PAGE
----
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Momofuku Cookbook

post #1 of 8
Thread Starter 
Hey there folks. Hope your holidays were just swell. I know mine were.

OK so I received the Momofuku cookbook for Christmas and have been carting it around my apartment under my arm like a toddler with his/her favorite stuffed animal. I love it. I love the pictures, the story of how he came to be noodle-obsessed, the explanations of how Chang's restaurants came to be and of course the recipes. The one gripe I have is that Chang seems to try and dissuade the home cook from trying to make the recipes that may be time consuming or difficult.

Any other opinions/comments on the book are more than welcome.
post #2 of 8
Wow! That is a great gift.

I saw the book in Barnes and Nobel. It is gorgeous. It is probably way over my head at this point....someday
post #3 of 8
Thread Starter 
It's actually quite a "simple" cookbook. Lots of pickling and fermenting, roasting, braising and steaming (of buns). It is a very approachable book.
post #4 of 8
Really? Then I will give it another look next time I am in the store.

It is quite an impressive gift. Enjoy it and please let me know how the recipes turn out
post #5 of 8

I bought the e-version for the CoolReader on my phone. Not only are the pictures gorgeous, but Chang gives a genuine narrative in the book. It's like he is just sitting with you at a Noodle Bar in New York, just BS-ing with you. He drops the f-bomb every once in awhile; makes you think you're talking to a real Chef, and not just the writer of a cookbook. We studied him pretty extensively in Art Culinaire(one of my classes at Culinary School) and he's still one of my favorite Chefs ever. There are a few mistakes in the recipes in the book, but generally it's an AMAZING read. I think it's an essential to have it on your coffee table. Gorgeous pictures, too.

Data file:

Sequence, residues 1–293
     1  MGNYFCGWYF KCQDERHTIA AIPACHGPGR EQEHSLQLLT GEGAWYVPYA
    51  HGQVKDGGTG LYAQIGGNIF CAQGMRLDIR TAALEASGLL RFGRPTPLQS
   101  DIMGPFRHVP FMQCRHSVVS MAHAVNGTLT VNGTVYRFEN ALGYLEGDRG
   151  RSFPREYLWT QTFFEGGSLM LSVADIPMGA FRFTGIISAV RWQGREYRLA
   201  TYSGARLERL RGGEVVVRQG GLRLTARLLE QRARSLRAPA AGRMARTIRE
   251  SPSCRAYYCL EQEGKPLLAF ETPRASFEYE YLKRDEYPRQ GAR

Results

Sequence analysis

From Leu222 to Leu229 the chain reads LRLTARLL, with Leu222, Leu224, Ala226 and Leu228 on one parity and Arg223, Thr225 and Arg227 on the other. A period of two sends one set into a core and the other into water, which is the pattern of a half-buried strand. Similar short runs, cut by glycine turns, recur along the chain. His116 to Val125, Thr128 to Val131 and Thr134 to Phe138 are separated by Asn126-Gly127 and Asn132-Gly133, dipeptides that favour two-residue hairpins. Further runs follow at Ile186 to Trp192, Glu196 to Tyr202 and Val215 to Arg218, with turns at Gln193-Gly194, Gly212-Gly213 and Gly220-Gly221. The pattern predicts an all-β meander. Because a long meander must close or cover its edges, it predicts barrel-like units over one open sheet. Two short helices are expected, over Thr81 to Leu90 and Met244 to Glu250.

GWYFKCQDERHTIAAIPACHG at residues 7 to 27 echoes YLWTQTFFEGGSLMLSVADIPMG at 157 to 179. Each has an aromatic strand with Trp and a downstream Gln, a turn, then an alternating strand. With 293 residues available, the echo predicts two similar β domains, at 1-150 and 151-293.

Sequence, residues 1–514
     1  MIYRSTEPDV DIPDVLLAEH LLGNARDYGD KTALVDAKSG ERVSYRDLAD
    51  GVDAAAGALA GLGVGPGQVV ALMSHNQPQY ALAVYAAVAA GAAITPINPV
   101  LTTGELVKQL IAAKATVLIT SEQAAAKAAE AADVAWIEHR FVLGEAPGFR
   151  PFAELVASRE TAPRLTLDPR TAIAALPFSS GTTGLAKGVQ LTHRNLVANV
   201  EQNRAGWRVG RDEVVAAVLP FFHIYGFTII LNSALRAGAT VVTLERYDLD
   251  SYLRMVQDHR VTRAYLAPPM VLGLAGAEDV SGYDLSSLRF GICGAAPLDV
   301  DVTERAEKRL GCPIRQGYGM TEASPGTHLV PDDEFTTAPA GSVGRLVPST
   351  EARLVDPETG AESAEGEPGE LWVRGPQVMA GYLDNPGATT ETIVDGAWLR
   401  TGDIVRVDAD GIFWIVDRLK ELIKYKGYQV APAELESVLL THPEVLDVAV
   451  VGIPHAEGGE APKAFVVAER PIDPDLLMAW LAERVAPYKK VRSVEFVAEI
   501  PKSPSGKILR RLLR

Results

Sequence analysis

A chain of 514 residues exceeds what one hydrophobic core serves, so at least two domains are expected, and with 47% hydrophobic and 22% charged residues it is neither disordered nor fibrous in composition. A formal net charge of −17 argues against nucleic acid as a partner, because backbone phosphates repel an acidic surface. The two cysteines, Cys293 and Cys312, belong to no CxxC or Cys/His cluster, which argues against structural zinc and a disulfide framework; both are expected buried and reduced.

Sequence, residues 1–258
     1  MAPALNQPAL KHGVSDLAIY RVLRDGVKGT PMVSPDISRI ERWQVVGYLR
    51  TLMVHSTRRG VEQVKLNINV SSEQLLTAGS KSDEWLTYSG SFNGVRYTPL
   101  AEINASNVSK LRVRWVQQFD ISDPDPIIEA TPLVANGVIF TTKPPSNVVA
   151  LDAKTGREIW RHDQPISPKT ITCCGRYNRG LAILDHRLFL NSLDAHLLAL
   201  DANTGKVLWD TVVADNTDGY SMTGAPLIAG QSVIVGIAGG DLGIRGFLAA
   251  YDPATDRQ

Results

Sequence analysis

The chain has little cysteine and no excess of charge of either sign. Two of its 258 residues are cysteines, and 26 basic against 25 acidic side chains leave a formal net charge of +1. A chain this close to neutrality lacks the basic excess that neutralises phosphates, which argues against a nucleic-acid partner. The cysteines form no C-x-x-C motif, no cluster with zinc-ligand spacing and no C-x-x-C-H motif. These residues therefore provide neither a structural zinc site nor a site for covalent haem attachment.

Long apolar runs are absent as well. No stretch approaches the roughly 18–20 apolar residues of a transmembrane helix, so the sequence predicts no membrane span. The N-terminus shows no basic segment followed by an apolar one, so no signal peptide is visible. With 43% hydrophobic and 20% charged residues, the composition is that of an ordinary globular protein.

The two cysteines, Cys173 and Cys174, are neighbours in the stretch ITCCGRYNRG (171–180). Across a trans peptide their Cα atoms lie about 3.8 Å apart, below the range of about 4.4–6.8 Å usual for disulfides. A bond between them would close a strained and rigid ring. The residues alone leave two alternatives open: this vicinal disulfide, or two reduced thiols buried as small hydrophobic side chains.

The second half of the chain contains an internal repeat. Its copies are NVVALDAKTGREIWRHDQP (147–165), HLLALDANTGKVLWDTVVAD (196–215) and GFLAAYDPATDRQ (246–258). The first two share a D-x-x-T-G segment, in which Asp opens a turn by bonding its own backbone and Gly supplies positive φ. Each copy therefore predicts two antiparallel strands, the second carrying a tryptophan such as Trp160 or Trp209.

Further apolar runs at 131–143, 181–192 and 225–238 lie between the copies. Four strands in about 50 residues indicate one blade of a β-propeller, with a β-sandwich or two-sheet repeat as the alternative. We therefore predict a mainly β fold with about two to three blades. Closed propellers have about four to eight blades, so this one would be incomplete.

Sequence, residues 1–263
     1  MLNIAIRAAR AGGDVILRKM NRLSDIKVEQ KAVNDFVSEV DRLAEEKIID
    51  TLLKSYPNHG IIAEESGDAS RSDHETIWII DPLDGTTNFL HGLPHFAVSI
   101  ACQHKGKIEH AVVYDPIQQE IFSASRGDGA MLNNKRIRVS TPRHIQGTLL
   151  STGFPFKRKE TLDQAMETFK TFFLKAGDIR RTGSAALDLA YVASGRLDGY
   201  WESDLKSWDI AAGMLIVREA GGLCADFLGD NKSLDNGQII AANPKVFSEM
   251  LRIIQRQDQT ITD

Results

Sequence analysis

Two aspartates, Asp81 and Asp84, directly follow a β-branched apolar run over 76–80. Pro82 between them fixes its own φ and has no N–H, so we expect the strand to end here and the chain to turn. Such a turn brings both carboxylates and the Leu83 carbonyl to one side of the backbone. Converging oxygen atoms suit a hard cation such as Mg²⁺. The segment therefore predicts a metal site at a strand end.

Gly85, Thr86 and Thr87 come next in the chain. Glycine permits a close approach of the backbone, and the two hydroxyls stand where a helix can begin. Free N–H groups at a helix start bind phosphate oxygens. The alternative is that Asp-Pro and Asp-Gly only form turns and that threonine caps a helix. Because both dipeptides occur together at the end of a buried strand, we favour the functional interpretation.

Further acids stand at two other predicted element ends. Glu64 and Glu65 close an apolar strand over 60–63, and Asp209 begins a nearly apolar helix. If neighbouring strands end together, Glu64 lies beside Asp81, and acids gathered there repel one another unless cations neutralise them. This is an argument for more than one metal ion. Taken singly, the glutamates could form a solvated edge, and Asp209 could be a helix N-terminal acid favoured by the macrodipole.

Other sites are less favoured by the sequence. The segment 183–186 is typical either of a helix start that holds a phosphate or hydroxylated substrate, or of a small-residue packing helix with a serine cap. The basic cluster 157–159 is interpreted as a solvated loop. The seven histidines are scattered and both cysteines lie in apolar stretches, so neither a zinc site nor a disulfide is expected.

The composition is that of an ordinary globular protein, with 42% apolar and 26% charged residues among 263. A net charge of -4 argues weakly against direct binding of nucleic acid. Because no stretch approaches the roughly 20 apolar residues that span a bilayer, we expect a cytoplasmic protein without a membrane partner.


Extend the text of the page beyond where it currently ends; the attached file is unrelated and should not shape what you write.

post #6 of 8

This book is the cooking equivalent to Gravity's Rainbow.  Everybody has a copy, but not many actually read or use it.  We have the hard-back which Linda bought over my dead body.


Many of the recipes were not properly tested or proof-read, which makes them difficult to follow unless you already have a good handle on how to cook.  Lots of typos. 


The lack of editing extends to the general subject matter.  There are lots of recipes no one in their right mind would want to follow. 


The "culinary point of view" is interesting, attractive, but not mine.  He's less "ingredient driven," and more about creating new tastes.  He's fairly technical, so even the good recipes will stretch most home cooks to the end of their comfort zone.  Not a bad thing in itself.  The caveat is that you don't want to choose something on the basis of the picture and cook it for the first time for a dinner party.


Would I recommend it?  To an already good cook... yes. 

post #7 of 8

I don't have the book. I did however, make this recipe (a number of times). It's simply a pita, but over-the-top decadent and should not be made/eaten by diabetics, people with heart or blood pressure difficulties or anyone on any kinda diet. 


Momofuku Crack Pie



Momofuku Milk Bar Crack Pie Recipe | Cooking Momofuku at home ...


Recipe: Momofuku's Crack Pie - Los Angeles Times


Crack Pie: Recipe: - Bon Appetit Magazine


The Boston Foodie: Crack Pie


Momofuku Crack Pie Recipe - - 415283


Momofuku's Crack Pie Recipe at


Take your pic. 

"And those who were seen dancing were thought to be insane by those who could not hear the music."

I'm not sayin', I'm just sayin'.


"And those who were seen dancing were thought to be insane by those who could not hear the music."

I'm not sayin', I'm just sayin'.

post #8 of 8

i'm dying to make the steamed buns, but want my husband to make them with me and it takes a while to talk him into cooking.  :)

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